A Perspective on Lender Fees

When you are in the middle of a real estate transaction, there is a lot of different paperwork that comes swirling at you. It can be confusing and one tends to follow the advice or guidance of their agents. The trick is, they can only offer guidance and the bottom line of understanding your paperwork falls completely on you. The present housing crisis is a great example of people not getting the best information.

One of the tidbits I’d like to look at right now is Lender Good Faith Estimates. They may look different between the different lender offerings and could be confusing, but they effectively, are all the same.

Keep in mind that it’s not what they call the fee but rather what they all add up to that has the impact on your real estate transaction.

In my own past experiences as a real estate agent, I’ve seen lender fees range from $1,800 up to $5,000 for the very same transaction fee. The more expensive lender is a good lender, but 5 grand more good? In most cases, a loan is a loan and whatever emotional environment the lender creates is just that, emotional. Marketing. Of course, sometimes that emotional anchor may be worth it to you, but if you do your homework, you won’t have need of an emotional blanket.

Be aware of waived fees.

Just because a lender is cutting certain fees in some spots does not mean that the same amount of money is not being recouped somewhere else in your contract with the lender. IE: They may say they will waive the “customary” $300 ‘x’ fee, but there may be another fee that everyone charges that for this lender, is $300 more than most! I refer to the previous example of the $3,000 difference between lenders. Yea… lender B can defer that $300 fee.

Lender Conformity

Lenders all have to conform to certain regulated standards. The commonality between lenders would be the items in the line numbers that are in the 800 series of numbers. These lines are the standard lines they have to conform to. The other fees like escrow or recording fees are estimated fees for your convenience and do not have to be accurate. They are “estimates”. Focus on the lender numbers to get the true feeling for what they are charging you.

Are You Locked In Prior To Closing?

Keep in mind that even when you are in the middle of a contract waiting to close on your new home, nerves are high and insecurities are running rampant as you worry about the financial end of the scenario. I’ve seen where on occasion, a buyer will find themselves getting adjustments to their contract with their lender for one reason or another.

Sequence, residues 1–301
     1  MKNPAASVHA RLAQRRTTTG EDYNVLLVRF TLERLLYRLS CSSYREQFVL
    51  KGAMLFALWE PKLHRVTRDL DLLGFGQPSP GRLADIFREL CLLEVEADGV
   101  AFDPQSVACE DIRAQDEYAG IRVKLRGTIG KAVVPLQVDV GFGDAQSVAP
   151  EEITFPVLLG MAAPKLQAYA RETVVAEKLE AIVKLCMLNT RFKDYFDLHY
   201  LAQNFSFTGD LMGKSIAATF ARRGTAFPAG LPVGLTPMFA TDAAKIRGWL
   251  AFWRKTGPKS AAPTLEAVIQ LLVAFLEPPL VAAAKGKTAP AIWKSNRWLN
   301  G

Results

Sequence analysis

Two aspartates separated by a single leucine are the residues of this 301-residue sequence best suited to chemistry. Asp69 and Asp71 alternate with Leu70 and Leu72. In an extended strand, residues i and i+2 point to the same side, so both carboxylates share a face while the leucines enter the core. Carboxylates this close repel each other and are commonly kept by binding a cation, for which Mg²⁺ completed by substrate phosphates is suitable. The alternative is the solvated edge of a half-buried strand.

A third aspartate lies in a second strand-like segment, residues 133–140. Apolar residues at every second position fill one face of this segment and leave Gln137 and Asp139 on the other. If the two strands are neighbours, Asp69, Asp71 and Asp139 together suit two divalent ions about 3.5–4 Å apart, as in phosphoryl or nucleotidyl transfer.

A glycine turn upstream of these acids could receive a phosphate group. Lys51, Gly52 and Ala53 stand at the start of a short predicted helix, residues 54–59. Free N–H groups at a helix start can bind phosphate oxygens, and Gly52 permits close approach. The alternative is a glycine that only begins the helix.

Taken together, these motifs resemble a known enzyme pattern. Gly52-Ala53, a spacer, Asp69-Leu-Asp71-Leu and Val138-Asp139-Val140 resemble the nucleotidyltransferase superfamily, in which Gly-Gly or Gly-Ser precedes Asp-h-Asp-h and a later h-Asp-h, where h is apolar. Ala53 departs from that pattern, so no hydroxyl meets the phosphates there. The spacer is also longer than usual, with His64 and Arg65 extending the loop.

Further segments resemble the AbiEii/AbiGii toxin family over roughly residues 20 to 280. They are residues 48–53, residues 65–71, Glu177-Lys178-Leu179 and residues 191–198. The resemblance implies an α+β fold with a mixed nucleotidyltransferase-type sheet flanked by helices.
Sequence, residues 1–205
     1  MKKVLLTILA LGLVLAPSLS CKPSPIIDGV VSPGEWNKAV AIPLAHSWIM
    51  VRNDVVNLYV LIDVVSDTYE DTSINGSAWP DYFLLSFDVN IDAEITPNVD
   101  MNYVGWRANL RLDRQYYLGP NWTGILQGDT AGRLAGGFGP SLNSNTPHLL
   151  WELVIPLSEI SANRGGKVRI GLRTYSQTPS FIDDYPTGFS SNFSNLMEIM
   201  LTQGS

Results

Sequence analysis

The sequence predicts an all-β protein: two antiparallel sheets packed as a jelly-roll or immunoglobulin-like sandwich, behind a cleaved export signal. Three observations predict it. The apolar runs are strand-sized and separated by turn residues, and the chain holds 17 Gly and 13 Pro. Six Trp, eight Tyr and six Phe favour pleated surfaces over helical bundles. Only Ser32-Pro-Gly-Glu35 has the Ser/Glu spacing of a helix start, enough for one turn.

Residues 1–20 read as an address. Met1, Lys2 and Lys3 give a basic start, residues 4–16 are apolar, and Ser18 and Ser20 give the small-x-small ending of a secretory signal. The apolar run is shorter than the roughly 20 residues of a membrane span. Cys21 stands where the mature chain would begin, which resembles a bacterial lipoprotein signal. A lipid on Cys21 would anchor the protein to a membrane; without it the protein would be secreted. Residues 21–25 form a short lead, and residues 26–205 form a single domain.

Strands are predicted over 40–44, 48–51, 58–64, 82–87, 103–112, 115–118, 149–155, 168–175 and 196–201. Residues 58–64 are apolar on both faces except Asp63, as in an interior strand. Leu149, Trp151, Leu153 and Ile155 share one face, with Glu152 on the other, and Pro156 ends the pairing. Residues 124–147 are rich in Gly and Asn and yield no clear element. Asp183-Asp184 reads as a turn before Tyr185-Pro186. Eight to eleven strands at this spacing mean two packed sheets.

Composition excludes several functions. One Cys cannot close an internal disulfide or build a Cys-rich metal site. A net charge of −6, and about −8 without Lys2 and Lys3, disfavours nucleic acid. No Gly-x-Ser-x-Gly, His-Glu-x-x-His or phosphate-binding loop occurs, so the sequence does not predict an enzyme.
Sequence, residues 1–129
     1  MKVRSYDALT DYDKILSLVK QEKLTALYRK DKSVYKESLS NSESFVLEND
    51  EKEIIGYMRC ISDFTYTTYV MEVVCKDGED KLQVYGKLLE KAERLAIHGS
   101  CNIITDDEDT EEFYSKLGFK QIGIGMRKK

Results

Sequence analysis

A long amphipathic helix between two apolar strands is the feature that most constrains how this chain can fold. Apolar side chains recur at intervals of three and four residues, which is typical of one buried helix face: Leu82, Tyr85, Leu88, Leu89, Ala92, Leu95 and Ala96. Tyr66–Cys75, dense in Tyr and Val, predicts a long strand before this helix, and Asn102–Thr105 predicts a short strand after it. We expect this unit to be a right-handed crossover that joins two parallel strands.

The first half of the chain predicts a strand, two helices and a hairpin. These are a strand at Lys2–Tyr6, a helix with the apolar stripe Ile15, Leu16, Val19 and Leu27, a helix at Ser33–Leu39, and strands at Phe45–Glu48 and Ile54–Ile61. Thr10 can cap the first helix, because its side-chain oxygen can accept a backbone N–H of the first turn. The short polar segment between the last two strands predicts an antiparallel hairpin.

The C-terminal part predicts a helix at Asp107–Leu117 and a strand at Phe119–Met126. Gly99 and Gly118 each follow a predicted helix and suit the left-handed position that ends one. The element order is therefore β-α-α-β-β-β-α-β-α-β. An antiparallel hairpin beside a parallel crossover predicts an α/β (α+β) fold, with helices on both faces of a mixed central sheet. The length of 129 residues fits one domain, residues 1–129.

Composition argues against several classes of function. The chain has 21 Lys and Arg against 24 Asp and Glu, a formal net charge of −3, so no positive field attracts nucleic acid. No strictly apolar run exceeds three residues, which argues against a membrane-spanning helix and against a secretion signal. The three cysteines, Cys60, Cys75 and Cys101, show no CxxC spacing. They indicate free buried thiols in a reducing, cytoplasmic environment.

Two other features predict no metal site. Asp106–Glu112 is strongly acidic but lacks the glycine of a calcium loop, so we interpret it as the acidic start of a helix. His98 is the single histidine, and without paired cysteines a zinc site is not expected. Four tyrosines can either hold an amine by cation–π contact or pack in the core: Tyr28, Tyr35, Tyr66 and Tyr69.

If you find yourself getting your fees modified that result in higher payments for you, or other dubious issues, YOU ARE NOT in a contract with the lender until the paperwork is signed at closing. You can change lenders if you don’t like what you’re seeing, whether it be 2 weeks into a contract or at closing. Put off closing (If possible) to fix the scenario, or change lenders to get the numbers you are expecting or hoping for. Don’t take their crap. They depend on you being nervous and blindly trusting them.

One of my favorite warning signs is while you’re signing paperwork with the lender and they explain away some things you’re signing as “required by law” or some other vague explanation.

A good lender will give you some numbers that won’t change. They’ll do the contract properly and what they say is what you’ll get.

Review Your Contracts Early

One thing you can always do is rather than trying to understand the 20 pages of contract you’ll be signing at closing, request a courtesy copy of your paperwork a few days ahead of time from the title company you’ll be signing at. They CAN do that. Then you can take your time to go over things in the comfort of your home and develop questions to ask the closing agent, if you have any.

Make your agent, lender and title agent work for you. They are making their money off of fees that you are making possible by being in the contract. Protect yourself first, and make sure the people YOU HIRE to help you, do the work as YOU EXPECT. When the contract is closed, they walk away with their commissions while you have to live with your decisions, or lack thereof.

Remember, you are the boss of them. Not the other way around.

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